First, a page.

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Sunday, 05 July 2015

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Cumbria schoolchildren join campaign to tidy area and lift civic pride

ONE of the biggest community projects to take place in south Cumbria will see hundreds of residents take to the streets armed with litter picks, gloves and brooms.

SHINING EXAMPLES Pupils and teachers from Penny Bridge C of E Primary School donned rubber gloves, Big Clean T-shirts and armed themselves with black bags and grabbers when they took to nearby streets and community areas for the Big Clean last year. Above, pupils with trainee teacher Harry Pickup LINDSEY DICKINGS REF: 50034995B007

The Evening Mail’s Big Clean 2013 is launching on Saturday and it seems there is no shortage of volunteers willing to lend a hand in the efforts.

Schools, businesses and other local groups are all supporting the campaign to keep our streets and green spaces safe, with clean-up events taking place across the area for the next month.

Over the coming weeks, residents will tackle littering and fly-tipping to restore civic pride and stop wheelie bin fires from being started in the town.

The multi-agency operation launches on Saturday with residents asked to meet in Barrow Town Hall car park at 10am for a big cleaning blitz.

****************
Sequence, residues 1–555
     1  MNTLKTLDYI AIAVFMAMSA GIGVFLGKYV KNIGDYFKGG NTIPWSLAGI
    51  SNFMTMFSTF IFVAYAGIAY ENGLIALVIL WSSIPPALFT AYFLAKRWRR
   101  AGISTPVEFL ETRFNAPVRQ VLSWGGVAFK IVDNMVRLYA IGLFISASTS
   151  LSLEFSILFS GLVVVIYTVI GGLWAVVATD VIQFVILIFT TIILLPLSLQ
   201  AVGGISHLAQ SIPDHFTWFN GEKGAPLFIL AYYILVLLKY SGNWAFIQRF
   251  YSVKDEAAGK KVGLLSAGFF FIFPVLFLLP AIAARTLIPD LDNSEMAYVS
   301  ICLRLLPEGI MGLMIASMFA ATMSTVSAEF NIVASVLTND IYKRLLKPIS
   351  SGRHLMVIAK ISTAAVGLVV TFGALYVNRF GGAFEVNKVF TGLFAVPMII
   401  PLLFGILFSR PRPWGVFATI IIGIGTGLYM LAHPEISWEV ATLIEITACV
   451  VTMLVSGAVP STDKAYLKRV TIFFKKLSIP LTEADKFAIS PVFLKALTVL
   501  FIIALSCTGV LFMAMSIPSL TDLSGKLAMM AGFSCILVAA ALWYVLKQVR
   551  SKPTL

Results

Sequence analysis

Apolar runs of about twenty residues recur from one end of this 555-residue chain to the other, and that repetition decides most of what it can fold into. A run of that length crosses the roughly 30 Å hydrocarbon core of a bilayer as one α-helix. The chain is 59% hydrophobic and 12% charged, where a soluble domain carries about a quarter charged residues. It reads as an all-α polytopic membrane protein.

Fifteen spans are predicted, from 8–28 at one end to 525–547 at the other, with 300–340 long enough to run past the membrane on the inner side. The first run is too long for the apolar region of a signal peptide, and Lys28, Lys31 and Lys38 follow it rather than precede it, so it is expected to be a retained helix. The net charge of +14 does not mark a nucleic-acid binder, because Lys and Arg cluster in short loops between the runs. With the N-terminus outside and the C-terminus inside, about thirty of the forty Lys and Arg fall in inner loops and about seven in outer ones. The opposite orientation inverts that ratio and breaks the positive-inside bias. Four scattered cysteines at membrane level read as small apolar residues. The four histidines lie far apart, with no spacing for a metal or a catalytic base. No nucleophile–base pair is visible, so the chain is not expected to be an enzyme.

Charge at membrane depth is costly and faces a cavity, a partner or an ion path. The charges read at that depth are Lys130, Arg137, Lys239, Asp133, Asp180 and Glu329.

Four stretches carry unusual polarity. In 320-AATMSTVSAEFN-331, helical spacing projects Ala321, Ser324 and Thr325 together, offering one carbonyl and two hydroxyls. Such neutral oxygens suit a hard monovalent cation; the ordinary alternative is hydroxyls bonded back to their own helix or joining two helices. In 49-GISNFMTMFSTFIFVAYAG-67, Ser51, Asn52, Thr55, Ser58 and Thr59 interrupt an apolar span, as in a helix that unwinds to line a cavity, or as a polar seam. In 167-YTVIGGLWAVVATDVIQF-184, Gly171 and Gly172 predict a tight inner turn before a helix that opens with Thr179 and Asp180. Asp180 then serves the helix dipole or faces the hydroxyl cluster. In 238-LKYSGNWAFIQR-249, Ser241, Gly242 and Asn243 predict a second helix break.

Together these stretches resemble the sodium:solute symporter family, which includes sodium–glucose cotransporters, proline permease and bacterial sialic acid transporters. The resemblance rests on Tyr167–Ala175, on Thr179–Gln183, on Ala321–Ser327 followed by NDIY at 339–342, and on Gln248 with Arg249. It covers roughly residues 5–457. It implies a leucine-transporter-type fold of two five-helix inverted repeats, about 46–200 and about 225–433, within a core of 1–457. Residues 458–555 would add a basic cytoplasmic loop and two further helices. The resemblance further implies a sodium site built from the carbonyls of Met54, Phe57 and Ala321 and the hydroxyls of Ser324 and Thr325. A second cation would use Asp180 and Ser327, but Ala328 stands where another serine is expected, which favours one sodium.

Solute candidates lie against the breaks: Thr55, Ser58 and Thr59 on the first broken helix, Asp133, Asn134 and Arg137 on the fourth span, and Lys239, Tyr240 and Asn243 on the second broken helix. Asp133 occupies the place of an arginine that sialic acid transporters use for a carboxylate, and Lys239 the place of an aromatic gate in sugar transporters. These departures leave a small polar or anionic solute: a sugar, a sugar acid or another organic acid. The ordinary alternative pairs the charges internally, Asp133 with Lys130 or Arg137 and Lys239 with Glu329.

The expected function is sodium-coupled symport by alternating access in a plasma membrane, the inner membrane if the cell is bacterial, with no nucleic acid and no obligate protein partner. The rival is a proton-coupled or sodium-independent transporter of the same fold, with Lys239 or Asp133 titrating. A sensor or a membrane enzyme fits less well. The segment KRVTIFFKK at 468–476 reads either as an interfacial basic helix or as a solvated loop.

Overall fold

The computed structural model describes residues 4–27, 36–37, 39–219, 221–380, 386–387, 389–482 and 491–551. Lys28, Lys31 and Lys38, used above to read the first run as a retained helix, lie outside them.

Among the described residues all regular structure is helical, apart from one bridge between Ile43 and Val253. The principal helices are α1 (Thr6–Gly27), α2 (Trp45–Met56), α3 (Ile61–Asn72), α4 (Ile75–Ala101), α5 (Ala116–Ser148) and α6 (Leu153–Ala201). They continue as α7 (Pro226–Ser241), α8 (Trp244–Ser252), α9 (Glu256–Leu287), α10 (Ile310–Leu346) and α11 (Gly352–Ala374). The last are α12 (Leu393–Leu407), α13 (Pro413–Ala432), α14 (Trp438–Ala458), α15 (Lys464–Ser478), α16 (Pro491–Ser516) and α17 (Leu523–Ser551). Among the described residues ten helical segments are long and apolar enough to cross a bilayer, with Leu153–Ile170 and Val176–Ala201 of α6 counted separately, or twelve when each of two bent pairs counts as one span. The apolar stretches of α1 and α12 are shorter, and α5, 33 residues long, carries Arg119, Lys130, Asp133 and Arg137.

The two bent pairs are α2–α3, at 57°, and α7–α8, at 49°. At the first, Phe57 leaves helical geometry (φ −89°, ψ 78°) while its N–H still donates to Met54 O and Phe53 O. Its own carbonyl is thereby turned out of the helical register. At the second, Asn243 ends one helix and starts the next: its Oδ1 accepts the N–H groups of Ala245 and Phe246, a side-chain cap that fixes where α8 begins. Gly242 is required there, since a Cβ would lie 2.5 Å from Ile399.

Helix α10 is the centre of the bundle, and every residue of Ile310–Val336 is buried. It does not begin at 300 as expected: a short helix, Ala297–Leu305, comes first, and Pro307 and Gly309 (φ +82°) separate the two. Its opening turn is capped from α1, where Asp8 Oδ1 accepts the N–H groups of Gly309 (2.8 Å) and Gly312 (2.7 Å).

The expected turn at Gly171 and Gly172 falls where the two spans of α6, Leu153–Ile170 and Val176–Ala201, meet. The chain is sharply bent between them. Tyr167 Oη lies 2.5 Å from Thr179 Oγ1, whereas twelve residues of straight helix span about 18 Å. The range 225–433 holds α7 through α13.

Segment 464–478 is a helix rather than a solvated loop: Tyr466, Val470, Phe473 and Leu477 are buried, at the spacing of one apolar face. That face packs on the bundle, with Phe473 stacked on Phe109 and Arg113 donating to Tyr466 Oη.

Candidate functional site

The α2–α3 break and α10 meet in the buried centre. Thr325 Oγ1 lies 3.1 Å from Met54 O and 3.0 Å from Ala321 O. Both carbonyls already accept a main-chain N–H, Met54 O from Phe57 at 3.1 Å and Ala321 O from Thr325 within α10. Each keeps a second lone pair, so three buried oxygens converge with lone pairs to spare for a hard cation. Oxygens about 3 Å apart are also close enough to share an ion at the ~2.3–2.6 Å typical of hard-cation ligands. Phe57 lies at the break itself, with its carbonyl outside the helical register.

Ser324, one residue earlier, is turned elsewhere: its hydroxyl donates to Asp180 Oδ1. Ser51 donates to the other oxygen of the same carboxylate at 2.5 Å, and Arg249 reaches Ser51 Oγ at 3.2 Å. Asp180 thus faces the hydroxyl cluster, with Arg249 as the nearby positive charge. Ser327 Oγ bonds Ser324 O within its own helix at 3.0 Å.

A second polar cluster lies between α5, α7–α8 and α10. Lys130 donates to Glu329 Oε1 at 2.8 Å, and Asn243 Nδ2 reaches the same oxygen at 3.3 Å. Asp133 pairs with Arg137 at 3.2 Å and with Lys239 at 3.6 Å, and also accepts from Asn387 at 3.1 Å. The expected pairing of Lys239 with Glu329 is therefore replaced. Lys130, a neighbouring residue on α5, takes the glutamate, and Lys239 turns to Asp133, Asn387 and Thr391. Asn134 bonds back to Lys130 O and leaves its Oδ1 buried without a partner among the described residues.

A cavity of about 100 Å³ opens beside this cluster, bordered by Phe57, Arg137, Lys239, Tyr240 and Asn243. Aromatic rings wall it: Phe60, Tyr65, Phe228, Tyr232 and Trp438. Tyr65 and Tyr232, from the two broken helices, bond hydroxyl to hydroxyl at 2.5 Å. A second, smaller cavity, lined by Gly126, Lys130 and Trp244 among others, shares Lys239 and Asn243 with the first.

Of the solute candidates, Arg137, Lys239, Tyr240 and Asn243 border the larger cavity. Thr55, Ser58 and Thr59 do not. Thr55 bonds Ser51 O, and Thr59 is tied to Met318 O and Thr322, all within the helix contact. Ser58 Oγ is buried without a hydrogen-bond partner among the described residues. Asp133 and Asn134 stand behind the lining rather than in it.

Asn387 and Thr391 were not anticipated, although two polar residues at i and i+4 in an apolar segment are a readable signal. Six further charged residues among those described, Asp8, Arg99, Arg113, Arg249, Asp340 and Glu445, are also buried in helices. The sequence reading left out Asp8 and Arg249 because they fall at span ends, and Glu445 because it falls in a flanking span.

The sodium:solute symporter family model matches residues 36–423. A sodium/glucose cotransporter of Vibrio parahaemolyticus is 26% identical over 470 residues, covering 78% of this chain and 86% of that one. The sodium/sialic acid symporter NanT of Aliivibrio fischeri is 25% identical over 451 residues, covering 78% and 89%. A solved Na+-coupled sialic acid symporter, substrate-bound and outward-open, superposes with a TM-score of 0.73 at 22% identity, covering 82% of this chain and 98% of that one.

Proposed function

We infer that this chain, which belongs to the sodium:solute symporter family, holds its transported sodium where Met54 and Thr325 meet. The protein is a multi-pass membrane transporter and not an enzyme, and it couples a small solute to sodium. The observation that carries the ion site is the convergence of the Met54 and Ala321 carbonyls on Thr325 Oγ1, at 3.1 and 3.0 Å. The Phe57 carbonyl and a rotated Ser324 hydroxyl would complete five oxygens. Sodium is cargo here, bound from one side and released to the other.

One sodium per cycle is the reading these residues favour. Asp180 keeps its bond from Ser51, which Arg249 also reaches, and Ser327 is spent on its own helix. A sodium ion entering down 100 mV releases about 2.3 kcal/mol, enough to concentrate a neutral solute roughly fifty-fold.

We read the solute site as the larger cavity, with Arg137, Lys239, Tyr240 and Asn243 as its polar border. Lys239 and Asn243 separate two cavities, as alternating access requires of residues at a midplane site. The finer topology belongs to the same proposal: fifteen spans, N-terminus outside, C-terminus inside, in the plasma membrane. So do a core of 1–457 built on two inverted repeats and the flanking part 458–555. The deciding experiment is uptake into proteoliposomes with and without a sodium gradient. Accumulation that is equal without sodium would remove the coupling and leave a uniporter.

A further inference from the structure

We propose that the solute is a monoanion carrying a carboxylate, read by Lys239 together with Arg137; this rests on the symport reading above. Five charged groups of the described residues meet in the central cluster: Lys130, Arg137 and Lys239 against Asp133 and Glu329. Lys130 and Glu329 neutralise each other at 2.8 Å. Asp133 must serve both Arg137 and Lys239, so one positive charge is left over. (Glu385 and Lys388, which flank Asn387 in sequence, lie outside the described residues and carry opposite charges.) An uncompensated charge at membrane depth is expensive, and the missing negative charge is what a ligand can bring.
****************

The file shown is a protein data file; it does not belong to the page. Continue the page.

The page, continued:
PC Eric McKinley, who has organised the event this weekend, is hoping residents get involved and tackle the worst affected areas of the town.

He said: “We want as many people in the community to get their rubber gloves on and get involved as possible.

“The Big Clean is all about community involvement so we want groups, businesses and schools to take part.

“Parts of the town need attention. The event (on Saturday) is all about residents choosing which areas need the most cleaning.”

This year the Evening Mail has again teamed up with Barrow Borough Council, South Lakeland District Council and the Lake District National Park Authority to co-ordinate the event, with Centrica the main sponsors.

Barrow Borough Council is backing the campaign as keeping the borough clean costs the authority about £900,000 every year. But it’s not just adults getting involved in the project.

Pupils at Greengate Infant School will lend a hand on Friday as will Yarlside Primary School on Wednesday October 9.

Caroline Hoggarth, headteacher of Greengate Infant School, said: “We think it is important to get children involved in the wider issues of the community and show them why we need to keep our environment safe.

“Getting involved in the Big Clean will promote that. For the Year Two class, it is part of their citizenship work and will show them how to be a responsible citizen in your own community.”

To find out how you can get involved in The Big Clean email jonathan.robinson@cnmedia.co.uk.

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